The Responsibilities of Leadership

Lt. Walter Rudin

Walter M. Rudin, USN

The Fourth of July is more than barbeques and fireworks. If you’ve ever attended a parade and heard a fife and drum corps, you’ll understand the how the cadence of those drums embolden hearts and give courage to the men (and now women) going into battle.

My Revolutionary War ancestors were not on the battlefields. They provided support by transporting goods, signing oaths of allegiance, or ministering to the dying.

It wasn’t until World War II that our family had someone in the midst of conflict (that we know). My father was a lieutenant in the U.S. Navy and served on the USS Jacob Jones in the Atlantic and the Pacific. He saw German periscopes slip into the sea on moonlit nights, he witnessed flotsam pop up after ordering depth charges, and he spent one Christmas Eve on board in the middle of ocean, listening to nurses sing “Silent Night” on a nearby hospital ship.

Men and women need special talents and dedication to be leaders of troops that they will be taking into harm’s way. My great nephew John  is enamored with the Marines Corps. USMC insignia are emblazoned on his Facebook page, bedroom walls, and on his hats, etc. He is currently attending the Marine Military Academy summer camp, learning how to be a strong and confident leader. John’s grandfather, my brother, wrote his grandson a letter last spring about the profound responsibility of military leadership. I proudly share (with his permission) a portion of his touching and articulate message.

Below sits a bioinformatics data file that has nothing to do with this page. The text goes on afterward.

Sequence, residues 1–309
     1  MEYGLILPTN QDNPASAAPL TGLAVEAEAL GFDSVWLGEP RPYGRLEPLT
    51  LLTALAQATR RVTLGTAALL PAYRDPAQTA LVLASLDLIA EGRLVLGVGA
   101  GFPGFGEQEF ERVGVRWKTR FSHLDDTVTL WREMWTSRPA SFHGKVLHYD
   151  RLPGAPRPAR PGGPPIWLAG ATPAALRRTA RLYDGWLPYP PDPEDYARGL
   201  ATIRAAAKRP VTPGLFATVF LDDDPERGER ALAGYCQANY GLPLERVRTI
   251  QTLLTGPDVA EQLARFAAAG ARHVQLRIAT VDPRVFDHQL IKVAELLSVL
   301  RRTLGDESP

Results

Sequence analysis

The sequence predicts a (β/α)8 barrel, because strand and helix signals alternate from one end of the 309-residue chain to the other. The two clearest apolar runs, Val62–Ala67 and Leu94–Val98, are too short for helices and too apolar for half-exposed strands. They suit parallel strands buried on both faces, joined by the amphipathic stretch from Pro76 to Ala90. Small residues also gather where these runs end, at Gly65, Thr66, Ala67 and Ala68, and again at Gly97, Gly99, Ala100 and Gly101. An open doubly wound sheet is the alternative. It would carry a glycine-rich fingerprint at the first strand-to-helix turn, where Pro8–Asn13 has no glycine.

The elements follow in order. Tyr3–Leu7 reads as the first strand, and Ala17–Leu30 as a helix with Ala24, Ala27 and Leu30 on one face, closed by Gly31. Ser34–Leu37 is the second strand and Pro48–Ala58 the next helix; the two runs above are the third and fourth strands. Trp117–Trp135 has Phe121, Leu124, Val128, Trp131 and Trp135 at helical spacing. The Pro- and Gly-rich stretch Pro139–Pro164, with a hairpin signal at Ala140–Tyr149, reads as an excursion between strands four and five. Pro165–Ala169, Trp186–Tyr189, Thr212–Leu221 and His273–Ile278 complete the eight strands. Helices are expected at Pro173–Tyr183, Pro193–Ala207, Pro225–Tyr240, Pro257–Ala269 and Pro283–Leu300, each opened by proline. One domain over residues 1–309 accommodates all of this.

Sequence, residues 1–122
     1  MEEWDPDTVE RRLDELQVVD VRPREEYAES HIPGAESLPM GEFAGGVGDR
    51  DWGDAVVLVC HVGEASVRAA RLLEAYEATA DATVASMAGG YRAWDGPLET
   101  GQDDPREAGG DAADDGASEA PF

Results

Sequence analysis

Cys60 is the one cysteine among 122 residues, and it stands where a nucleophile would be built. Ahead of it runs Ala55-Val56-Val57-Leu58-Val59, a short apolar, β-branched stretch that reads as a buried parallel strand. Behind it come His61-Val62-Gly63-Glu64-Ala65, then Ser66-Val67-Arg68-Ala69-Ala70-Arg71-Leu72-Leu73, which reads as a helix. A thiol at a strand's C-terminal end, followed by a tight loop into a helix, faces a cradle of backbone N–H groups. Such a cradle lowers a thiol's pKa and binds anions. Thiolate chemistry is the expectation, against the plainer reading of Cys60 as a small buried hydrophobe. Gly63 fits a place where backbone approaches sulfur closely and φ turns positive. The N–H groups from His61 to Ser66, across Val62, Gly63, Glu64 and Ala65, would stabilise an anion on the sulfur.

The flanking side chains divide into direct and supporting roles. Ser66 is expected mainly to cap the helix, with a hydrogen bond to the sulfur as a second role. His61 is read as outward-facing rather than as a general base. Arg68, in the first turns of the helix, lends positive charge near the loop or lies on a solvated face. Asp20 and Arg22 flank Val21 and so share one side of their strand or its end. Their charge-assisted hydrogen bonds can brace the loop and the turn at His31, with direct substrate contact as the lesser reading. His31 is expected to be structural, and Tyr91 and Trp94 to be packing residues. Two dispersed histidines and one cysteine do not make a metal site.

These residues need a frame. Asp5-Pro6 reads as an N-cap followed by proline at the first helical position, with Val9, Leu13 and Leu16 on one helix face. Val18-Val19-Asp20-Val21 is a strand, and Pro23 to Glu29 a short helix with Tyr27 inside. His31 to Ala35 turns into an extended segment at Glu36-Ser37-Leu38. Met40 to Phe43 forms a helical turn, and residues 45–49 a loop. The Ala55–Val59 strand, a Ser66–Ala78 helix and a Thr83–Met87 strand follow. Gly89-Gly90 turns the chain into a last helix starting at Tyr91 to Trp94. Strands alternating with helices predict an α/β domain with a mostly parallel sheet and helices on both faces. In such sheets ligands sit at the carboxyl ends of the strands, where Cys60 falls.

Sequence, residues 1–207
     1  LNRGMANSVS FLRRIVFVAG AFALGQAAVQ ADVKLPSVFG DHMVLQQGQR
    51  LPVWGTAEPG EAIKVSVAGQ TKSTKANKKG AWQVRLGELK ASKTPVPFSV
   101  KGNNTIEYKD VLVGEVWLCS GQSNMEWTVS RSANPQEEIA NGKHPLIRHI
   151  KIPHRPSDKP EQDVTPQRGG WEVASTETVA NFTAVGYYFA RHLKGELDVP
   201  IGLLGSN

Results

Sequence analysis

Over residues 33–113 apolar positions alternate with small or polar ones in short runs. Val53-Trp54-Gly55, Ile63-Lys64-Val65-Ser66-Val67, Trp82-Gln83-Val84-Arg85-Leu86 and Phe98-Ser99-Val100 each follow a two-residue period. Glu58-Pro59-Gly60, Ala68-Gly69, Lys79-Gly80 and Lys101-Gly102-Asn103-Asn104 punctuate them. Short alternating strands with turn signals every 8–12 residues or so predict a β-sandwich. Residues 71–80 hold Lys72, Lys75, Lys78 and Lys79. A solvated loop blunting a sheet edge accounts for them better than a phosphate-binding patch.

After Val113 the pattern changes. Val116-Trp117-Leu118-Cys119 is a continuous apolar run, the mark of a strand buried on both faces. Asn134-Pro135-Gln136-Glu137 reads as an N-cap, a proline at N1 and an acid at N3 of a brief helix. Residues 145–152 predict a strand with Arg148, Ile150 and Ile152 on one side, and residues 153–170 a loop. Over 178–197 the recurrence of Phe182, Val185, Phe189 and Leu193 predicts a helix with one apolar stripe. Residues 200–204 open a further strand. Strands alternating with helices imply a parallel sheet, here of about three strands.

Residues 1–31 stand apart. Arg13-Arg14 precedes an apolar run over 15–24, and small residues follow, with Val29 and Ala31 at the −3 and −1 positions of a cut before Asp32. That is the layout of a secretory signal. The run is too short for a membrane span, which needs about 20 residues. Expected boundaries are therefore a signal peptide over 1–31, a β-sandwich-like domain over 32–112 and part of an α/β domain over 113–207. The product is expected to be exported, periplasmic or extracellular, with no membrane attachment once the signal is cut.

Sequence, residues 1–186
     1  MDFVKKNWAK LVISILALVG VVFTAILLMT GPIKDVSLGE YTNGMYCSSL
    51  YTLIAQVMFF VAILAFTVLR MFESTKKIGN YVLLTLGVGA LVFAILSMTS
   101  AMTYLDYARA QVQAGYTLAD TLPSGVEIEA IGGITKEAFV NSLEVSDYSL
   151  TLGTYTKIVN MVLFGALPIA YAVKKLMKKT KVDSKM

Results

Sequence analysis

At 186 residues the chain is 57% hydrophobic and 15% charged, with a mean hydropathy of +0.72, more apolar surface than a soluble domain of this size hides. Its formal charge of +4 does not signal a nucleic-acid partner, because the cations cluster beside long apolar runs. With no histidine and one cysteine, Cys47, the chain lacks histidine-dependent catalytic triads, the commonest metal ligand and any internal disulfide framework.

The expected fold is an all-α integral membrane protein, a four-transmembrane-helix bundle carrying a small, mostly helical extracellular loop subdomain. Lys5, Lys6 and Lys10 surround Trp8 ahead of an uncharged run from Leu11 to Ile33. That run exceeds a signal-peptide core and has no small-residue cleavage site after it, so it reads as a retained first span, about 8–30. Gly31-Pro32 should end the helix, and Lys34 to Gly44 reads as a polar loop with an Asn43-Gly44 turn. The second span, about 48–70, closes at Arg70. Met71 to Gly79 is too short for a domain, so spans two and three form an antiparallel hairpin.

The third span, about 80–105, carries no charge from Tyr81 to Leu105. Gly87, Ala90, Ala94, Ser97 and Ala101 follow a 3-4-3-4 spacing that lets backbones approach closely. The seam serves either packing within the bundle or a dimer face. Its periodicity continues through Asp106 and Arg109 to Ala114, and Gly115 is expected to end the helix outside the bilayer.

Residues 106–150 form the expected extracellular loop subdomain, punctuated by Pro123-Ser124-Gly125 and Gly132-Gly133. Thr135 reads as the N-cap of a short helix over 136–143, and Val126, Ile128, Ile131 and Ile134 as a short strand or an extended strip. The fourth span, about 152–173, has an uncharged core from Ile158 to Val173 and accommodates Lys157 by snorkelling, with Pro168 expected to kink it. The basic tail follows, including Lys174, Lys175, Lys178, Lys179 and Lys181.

March 14, 2013

John,

…Military leadership is different than civilian management. It is both an honor and a burden. Preparing for and/or leading troops into harms way is an awesome responsibility and one not to be taken lightly. It is extraordinary because you may be called upon to lead men and women into combat whereby they risk injury or even death. These brave troops deserve the very best you have to give. They will depend upon your courage, your decisions, and your integrity. They are worthy of nothing less! If you are a good leader, upholding the traditions and values of an organization such as the United States Marine Corps, they will follow you to the Gates of Hell.

Your family, immediate and extended, has a rich and long tradition of military and public service, the Air Force,  the Army, the Navy, the Marine Corps, education, health care and law enforcement. Our collective spirit resides within you. It will give you the strength and courage to persevere. Military service is not easy, nor should it be. Its elemental purpose is to defend our great Nation and our way of life. Its defense requires men and women with a strong sense of duty, commitment beyond self, personal courage and strength; men and women willing to do violence in our behalf…

Regardless of your chosen path, we love you and are proud of what you have and will accomplish.

Well said, Brother!

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About Patti Albaugh

I grew up in Mount Vernon, Ohio, and graduated from Mount Vernon High School in 1965. I have a Bachelor's Degree from Mount Vernon Nazarene University and a Ph.D. from The Ohio State University. I am an Emeritus Professor at Otterbein University. In addition to writing creative nonfiction and fiction, I like genealogy, gardening, travel and Mah Jjong. I currently live in Tucson, Arizona, with my dog Tonto. I am the proud parent of children Justin and Amy and granddaughters Katherine and Zoe.
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